> From: zfs-discuss-boun...@opensolaris.org [mailto:zfs-discuss-
> boun...@opensolaris.org] On Behalf Of Matt Banks
> Am I crazy for putting something like this into production using Solaris
> On paper, it really seems ideal for our needs.
Do you have an objection to solaris 10/11 for some reason?
No, it's not crazy (and I wonder why you would ask).
> Also, maybe I read it wrong, but why is it that (in the previous thread
> hw raid and zpools) zpools with large numbers of physical drives (eg 20+)
Clarification that I know others have already added, but I reiterate: It's
not the number of devices in a zpool that matters. It's the amount of data
in the resilvering vdev, and the number of devices inside the vdev, and your
usage patterns (where the typical use pattern is the worst case usage
pattern, especially for a database server). Together these of course have a
relation to the number of devices in the pool, but that's not what matters.
The problem basically applies to HDD's. By creating your pool of SSD's,
this problem should be eliminated.
Here is the problem:
Assuming the data in the pool is evenly distributed amongst the vdev's, then
the more vdev's you have, the less data is in each one. If you make your
pool of a small number of large raidzN vdev's, then you're going to have
relatively a lot of data in each vdev, and therefore a lot of data in the
When a vdev resilvers, it will read each slab of data, in essentially time
order, which is approximately random disk order, in order to reconstruct the
data that must be written on the resilvering device. This creates two
problems, (a) Since each disk must fetch a piece of each slab, the random
access time of the vdev as a whole is approximately the random access time
of the slowest individual device. So the more devices in the vdev, the
worse the IOPS for the vdev... And (b) the more data slabs in the vdev, the
more iterations of random IO operations must be completed.
In other words, during resilvers, you're IOPS limited. If your pool is made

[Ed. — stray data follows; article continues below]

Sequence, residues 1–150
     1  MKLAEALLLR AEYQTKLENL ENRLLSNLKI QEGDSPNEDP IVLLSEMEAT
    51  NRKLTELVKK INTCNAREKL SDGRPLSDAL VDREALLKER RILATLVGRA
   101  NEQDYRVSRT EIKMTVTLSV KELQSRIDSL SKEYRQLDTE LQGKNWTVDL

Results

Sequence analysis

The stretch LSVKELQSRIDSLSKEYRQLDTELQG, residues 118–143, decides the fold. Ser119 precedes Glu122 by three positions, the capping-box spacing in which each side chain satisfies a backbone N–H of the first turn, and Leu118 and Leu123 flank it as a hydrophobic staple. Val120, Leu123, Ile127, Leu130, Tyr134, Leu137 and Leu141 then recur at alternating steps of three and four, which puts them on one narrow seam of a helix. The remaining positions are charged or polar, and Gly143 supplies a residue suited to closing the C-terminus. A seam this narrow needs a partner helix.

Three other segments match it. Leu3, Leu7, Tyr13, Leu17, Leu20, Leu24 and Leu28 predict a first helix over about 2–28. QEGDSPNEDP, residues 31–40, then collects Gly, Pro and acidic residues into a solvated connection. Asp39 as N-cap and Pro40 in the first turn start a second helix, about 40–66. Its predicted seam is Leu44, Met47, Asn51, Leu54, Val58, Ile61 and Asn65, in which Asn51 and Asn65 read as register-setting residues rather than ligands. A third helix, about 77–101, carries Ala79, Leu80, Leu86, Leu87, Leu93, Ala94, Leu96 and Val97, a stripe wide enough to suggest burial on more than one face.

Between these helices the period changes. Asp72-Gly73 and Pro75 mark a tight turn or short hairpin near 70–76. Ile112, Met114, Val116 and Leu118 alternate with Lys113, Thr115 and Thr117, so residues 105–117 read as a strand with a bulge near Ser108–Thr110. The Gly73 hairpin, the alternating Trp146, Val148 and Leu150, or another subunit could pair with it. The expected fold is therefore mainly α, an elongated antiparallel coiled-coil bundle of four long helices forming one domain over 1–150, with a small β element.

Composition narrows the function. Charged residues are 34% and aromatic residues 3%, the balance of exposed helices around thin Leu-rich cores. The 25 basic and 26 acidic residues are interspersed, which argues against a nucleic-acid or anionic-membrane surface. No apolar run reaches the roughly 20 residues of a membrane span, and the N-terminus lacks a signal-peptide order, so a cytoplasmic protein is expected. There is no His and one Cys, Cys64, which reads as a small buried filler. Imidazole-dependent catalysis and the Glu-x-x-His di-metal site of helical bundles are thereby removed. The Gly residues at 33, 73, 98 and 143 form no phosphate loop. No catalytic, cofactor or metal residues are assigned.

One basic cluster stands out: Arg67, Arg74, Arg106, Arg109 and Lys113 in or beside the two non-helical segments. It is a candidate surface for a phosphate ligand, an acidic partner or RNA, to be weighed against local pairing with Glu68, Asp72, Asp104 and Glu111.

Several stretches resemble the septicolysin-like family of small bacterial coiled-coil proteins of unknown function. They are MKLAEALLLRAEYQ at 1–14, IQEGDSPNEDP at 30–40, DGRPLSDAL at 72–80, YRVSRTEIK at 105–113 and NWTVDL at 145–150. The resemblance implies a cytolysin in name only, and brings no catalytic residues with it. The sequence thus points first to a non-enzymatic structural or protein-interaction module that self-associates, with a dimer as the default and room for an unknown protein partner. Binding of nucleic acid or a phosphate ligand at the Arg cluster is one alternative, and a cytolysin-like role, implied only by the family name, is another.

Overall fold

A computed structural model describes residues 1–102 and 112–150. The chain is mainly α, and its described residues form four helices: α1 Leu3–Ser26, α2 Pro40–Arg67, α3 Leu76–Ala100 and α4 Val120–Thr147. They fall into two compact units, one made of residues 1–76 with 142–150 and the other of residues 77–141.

of all SSD's, then problem (a) is basically nonexistent, since the random
access time of all the devices are equal and essentially zero. Problem (b)
isn't necessarily a problem... It's like, if somebody is giving you $1,000
for free every month and then they suddenly drop down to only $500, you
complain about what you've lost. ;-) (See below.)
In a hardware raid system, resilvering will be done sequentially on all
disks in the array. Depending on your specs, a typical time might be 2hrs.
All blocks will be resilvered regardless of whether or not they're used.
But in ZFS, only used blocks will be resilvered. That means, if your vdev
is empty, your resilver is completed instantly. Also, if your vdev is made
of SSD's, then the random access times will be just like the sequential
access times, and your worst case is still equal to hardware raid resilver.
The only time there's a problem is when you have a vdev made of HDD's, and
there's a bunch of data in it, and it's scattered randomly (which typically
happens due to the nature of COW and snapshot deletion/creation over time).
So the HDD's thrash around spending all their time doing random access, with
very little payload for each random op. In these cases, even HDD mirrors
end up having resilver times that are several times longer than sequentially
resilvering the whole disk including unused blocks. In this case, mirrors
are the best case scenario, because they're both (a) minimal data in each
vdev, and (b) minimal number of devices in the resilvering vdev. Even so,
the mirror resilver time might be like 12 hours, in my experience, instead
of the 2hrs that hardware would have needed to resilver the whole disk. But
if you were using a big vdev (raidzN) of a bunch of HDD's (let's say, 21
disks in a raidz3), you might get resilver times that are a couple orders of
magnitude too long... Like 20 days instead of 10 hours. At this level, you
should assume your resilver will never complete.
So again: Not a problem if you're making your pool out of SSD's.
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